Nowon, the new Korean restaurant in the East Village, specializes in a genre of food I like to call “Asian American” fusion food. It’s been popularized by the likes of Roy Choi of Kogi and Pot in LA, as well as Dale Talde, Chef Jae Lee’s old boss at Rice & Gold. Lately the trend in Asian food seems to be either elevating a cuisine (fine dining Korean at Atomix or Jungsik as an example), or to be super authentic and introduce a regional cuisine unfamiliar to American audiences (mixian noodles, Taiwanese noodle soup, etc). Asian American fusion food, though, truly mashes up the two different cuisines together. Normally the foundation of the dish is a familiar comfort food, like a hamburger, served with Asian embellishments like kimchi or gochujang. And of course it can go the other way around, like spicy korean tteokbokki rice cakes sprinkled with parmesan cheese.
Speaking of a burger, the dry aged steak double cheeseburger is really what put Jae Lee on the map. He served these at a pop up in the East Village this summer and initially he only served these before 7 pm at Nowon. Now the burger is available at all hours, and thank goodness for that. It reminds me a lot of the burger at Au Cheval–double patty and a softy, fluffy bun. I personally thought the kimchi flavor in the accompanying mayo sauce was a little too mellow, but otherwise I was pretty satisfied with it.
I had the same reaction to the Shin Ramyun chicken wings. The chicken was cooked perfectly and had that double-fried quality that is a trademark of Korean fried chicken. The Shin seasoning, however, was pretty faint and almost nonexistent. I’m not sure why you would make the Shin so prominent in the name of the dish when you can barely even taste it.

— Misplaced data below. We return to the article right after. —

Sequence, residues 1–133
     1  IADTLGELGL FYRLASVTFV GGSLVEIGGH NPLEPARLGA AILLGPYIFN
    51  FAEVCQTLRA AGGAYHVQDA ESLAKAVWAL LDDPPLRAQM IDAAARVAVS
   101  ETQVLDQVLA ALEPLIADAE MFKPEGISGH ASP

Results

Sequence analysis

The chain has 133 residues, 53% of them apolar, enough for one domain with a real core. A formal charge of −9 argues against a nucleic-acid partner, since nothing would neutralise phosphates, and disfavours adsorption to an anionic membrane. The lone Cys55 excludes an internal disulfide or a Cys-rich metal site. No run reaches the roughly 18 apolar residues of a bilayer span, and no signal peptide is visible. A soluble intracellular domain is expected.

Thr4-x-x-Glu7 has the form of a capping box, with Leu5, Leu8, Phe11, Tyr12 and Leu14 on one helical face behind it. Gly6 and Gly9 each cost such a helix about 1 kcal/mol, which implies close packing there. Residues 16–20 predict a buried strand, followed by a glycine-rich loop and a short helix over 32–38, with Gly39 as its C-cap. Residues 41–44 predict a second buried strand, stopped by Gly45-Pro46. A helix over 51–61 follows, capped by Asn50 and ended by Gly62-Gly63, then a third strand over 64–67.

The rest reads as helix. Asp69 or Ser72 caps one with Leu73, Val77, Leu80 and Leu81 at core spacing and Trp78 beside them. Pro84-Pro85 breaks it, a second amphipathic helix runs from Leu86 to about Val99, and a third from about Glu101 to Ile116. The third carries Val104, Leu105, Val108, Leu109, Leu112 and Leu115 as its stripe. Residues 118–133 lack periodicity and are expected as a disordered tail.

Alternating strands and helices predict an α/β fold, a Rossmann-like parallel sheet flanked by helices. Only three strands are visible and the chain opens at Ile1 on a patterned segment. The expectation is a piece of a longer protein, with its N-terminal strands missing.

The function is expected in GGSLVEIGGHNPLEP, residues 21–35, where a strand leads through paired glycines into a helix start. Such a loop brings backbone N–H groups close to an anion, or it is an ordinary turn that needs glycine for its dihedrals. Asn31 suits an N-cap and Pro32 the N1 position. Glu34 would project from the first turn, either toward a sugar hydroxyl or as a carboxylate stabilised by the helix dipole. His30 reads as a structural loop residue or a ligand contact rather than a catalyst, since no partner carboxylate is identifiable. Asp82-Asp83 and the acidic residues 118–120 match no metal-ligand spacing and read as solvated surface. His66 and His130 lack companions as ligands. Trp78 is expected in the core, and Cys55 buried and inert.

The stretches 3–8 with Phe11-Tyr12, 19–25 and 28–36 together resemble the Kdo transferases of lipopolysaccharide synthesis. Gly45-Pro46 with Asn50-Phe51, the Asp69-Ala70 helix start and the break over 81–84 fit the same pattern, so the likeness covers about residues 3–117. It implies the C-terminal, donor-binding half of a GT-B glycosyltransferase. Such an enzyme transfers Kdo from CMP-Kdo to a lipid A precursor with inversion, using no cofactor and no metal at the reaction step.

My personal favorite were the honey butter tator tots, which was inspired by the honey butter chip phenomenon that took Korea by storm a few years ago. The skin on the potato was golden and crispy, and the sweet strands of honey were crusted on in the right kind of way. I could have eaten two orders of this by myself.
Nowon also devotes space on its menu to more traditional Korean dishes, but the ones I tried were not as successful as the Asian American fusion mashups. The sizzlin’ kimchi fried rice is not something I would seek out again. It was a little dry and lacked that wonderful juicy, saucy quality that traditional kimchi fried rice tends to have. Nowon needs to tinker around with it a little more.
Nowon will be successful not only because of that burger and the tater tots, but because it’s occupying an underserved niche in the Asian food market. It’s not trying to be a Ktown place or a fancy Michelin star restaurant. It’s happy being a connoisseur of pub grub, mixing a little (or a lot of) Korean here and there into the recipes of familiar American comfort foods, and there’s a lot of chemistry in this experimentation.
507 E 6th St (between Ave A and Ave B)
New York, NY 10009